Source: Adapted from Table 2 in Peters, C.J., Wilkins J.L., Fick G.W. (2007) ‘Testing a complete-diet model for estimating the land resource requirements of food consumption and agricultural capacity: The New York State example’ Renewable Agriculture and Food Systems 22(2) pp.145–153

26% of the earth’s terrestrial surface is used for livestock grazing6. One third of all global arable land is occupied by livestock feed crop cultivation7.

This conversion of forest to pasture for animal agriculture accounts for 70% of Brazil’s deforested land. Cropland occupies much of the remainder. One estimate puts the total amount at 91% of the Amazonian’s deforested land 8. This makes iteading cause of habitat destruction, species excinction, ocean dead zones and water pollution.

3. Meat & Dairy: an inefficient use of water

The water footprint of animal products far succeeds those of crop products with equivalent nutritional value. The average water footprint per calorie of beef is the largest; its global footprint is 20 times larger than for cereals and starchy foods. Dairy cattle are a close second9.

The global average water footprint of a kilogram of meat from beef cattle and sheep is 15,400 and 10,400 litres respectively10. To put this into perspective, that’s more water than you would typically consume by taking a shower every day for a year.

Animal production alone accounts for 27% of global freshwater use11.

4. Meat & Dairy: a complicated affair

You’ve probably noticed that not all meat is created equal. This is important. Different food groups exhibit a large range in water and land consumption, and GHG emissions more generally.
For instance, how efficient an animal is in converting feed into meat (Feed conversion efficiency) greatly affects the overall water and land consumption of that animal. Matters become even more complicated when considering different livestock farming systems (grazing vs. mixed vs. industrial systems).

Generally speaking, feed conversion efficiencies are largest for broilers and pigs and smallest for cattle. Feed conversion efficiency also improves from grazing to mixed systems to industrial systems12.

In terms of emissions, red meat emits the most GHG. It’s around 150% more GHG-intensive than chicken, for instance13. This is partly explained by looking beyond the usual culprit: carbon dioxide. Ruminants (like cows and sheep) produce methane in their digestive system. Methane is 86 times more powerful in the long term than carbon dioxide. Livestock is responsible for 40% of all global methane emissions14.

Source: Figure 3 of Raganathan et al. 2016. Chapter 8, IFPRI Global Food Policy Report

5. Meat & Dairy: it’s only getting worse

The major cause of biodiversity loss in our planet is from the livestock we raise from food and overfishing oceans15. This should be no surprise when you consider the collective impact of points 1 to 4 above.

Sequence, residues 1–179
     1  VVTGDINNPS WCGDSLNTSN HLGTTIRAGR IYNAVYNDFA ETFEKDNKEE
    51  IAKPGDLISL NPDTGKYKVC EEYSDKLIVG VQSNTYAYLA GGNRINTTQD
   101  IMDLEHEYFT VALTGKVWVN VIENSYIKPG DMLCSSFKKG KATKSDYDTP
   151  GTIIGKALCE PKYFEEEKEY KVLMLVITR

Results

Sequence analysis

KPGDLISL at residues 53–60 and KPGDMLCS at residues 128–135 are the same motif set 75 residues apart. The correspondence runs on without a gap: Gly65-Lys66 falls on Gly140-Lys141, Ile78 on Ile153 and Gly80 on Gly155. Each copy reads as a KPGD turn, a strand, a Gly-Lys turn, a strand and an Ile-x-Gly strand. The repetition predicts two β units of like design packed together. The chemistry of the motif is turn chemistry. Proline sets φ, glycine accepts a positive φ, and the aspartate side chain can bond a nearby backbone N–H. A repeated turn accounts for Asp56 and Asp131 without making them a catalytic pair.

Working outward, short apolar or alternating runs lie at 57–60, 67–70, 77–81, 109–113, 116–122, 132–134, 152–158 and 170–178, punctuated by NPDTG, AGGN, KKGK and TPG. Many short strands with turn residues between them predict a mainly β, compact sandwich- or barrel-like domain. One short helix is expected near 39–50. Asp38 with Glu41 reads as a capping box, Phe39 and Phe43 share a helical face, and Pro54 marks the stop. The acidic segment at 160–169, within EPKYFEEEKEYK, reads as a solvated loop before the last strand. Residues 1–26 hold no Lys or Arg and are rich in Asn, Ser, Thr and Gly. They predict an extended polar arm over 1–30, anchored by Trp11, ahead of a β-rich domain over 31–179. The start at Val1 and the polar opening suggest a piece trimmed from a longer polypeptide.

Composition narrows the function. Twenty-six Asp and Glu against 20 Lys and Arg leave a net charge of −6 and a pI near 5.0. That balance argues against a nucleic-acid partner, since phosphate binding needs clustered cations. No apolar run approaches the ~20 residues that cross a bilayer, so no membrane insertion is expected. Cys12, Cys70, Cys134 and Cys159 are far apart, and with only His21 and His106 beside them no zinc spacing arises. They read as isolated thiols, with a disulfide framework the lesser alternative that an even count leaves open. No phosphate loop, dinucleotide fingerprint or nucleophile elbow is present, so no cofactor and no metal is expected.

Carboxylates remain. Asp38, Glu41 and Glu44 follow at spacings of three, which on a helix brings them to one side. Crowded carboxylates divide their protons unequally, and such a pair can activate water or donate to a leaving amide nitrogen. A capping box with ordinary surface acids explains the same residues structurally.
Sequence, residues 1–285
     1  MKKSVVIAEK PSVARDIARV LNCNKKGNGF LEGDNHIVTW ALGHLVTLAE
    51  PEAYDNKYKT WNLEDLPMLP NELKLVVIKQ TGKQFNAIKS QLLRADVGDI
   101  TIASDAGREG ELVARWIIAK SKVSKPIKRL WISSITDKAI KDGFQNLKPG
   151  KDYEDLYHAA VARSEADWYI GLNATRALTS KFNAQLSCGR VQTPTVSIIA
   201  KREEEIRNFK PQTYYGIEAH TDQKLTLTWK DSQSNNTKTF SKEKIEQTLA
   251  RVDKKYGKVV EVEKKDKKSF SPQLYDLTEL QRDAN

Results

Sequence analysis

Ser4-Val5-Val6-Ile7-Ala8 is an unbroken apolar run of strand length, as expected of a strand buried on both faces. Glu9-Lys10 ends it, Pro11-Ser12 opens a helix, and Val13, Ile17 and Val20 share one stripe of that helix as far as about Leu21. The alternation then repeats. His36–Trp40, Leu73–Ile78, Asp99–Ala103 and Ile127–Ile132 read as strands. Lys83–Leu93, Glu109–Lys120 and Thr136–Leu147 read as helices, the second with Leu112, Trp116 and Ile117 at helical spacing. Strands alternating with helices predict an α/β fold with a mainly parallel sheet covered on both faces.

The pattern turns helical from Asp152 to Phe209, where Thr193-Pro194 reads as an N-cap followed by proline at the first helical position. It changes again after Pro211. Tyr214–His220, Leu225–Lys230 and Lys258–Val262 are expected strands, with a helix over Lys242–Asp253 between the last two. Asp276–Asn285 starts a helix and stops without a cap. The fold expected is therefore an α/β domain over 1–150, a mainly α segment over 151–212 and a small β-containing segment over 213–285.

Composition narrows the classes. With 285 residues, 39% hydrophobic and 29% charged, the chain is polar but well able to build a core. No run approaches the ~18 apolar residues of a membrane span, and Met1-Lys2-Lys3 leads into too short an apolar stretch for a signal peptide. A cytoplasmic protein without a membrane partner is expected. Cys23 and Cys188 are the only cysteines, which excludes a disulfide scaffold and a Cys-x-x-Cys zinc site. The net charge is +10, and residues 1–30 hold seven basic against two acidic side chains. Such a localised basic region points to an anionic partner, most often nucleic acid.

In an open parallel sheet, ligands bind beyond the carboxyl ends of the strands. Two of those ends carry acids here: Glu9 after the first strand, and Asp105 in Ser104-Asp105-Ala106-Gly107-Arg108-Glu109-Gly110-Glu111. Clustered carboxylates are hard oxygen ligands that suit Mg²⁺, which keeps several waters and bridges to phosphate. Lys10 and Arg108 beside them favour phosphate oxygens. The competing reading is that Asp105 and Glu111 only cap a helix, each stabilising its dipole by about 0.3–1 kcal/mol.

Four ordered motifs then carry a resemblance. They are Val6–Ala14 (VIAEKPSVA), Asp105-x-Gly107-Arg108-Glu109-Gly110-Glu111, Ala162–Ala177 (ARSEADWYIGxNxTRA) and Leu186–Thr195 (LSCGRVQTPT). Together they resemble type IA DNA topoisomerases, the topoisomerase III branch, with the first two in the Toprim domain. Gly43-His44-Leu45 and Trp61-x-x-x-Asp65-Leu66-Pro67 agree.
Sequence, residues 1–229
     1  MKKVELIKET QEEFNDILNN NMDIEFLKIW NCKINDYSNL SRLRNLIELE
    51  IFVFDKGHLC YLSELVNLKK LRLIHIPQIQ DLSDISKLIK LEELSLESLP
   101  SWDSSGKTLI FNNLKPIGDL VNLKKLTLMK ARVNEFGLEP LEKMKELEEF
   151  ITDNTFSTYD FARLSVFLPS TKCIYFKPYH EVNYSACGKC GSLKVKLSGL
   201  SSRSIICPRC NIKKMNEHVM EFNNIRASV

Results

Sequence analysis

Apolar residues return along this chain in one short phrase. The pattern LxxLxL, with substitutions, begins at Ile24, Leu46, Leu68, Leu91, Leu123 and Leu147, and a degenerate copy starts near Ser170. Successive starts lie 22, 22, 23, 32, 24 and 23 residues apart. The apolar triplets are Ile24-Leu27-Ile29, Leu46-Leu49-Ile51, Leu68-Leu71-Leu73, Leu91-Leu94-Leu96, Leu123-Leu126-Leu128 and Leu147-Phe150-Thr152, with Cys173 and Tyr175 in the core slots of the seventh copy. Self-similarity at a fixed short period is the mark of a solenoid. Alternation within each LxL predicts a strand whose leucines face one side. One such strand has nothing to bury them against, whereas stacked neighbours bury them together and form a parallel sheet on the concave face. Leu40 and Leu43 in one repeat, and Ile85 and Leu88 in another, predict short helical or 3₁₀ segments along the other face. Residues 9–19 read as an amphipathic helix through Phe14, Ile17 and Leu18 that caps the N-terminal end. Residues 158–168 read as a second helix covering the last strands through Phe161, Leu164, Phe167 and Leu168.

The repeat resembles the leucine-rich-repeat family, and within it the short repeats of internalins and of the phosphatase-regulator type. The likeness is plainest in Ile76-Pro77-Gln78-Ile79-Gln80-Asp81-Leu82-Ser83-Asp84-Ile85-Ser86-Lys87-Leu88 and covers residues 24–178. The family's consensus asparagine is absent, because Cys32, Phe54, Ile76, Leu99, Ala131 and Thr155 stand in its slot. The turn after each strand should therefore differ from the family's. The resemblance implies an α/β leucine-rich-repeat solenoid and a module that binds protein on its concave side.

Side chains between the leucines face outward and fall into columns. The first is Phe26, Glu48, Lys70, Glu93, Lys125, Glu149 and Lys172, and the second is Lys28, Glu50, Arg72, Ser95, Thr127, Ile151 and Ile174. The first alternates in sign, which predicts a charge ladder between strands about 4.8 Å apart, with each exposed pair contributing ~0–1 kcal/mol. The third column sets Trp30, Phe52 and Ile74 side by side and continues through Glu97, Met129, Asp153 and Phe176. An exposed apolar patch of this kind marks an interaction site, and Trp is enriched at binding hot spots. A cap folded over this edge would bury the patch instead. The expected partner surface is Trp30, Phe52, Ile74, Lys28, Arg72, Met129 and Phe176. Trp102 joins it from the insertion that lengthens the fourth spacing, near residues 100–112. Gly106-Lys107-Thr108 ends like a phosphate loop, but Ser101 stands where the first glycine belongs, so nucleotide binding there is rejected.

The world’s livestock sector is growing at an unprecedented rate. Population growth, rising incomes and urbanisation are expected to more than double meat consumption by 205016. The growth in agricultural emissions alone — regardless of other mitigation efforts in industry, energy, and transport — would make it virtually impossible to keep global temperatures below the agreed 2 degree Celsius limit.

For some of you, this may all be old news. Some of you may agree, others won’t (see 7 common objections to eating less meat.

Does that mean that vegan and vegetarian diets are carbon-neutral? Of course not. Aren’t there contradictions? Of course there are. But those realities do not justify inaction. Like it or not, you are part of the problem.

You must take personal responsibility. You cannot change the circumstances, the seasons, or the wind, but you can change yourself. That is something you have charge of. Jim Rohn

Being a vegetarian or vegan isn’t going to save the world, nor does being one absolve you from your responsibility to do more. Changing your diet alone is not enough. But it’s the most simple, achievable, impactful first step you can and must take. It starts with your next meal.

Making this choice forces you to confront climate change on a much more personal level. As you resist temptations to revert back to a former diet that by all accounts was easier — for it raised no eyebrows and invited no unwanted attention — you’ll find yourself researching more to strengthen your resolve; to justify your decision.

By doing so, you’ll hopefully learn about the contradictions and nuances in your choices. You’ll learn to further appreciate the complexity of the problem. You’ll see that local isn’t always better, organic isn’t always innocent, and that cattle aren’t inherently bad for the environment. Finally, you’ll accept that changing the world “one meal at a time” isn’t enough, that it remains an idea of the privileged when not accompanied by an effective broader regulatory approach.

I urge you, I challenge you to drastically change your diet. And I dare you to not stop there. Use it as a catalyst to inspire the further radical action we so desperately need.


1. Take the pledge and tell everyone about it.

It’s much harder to back down once all your friends and family know you’re committed.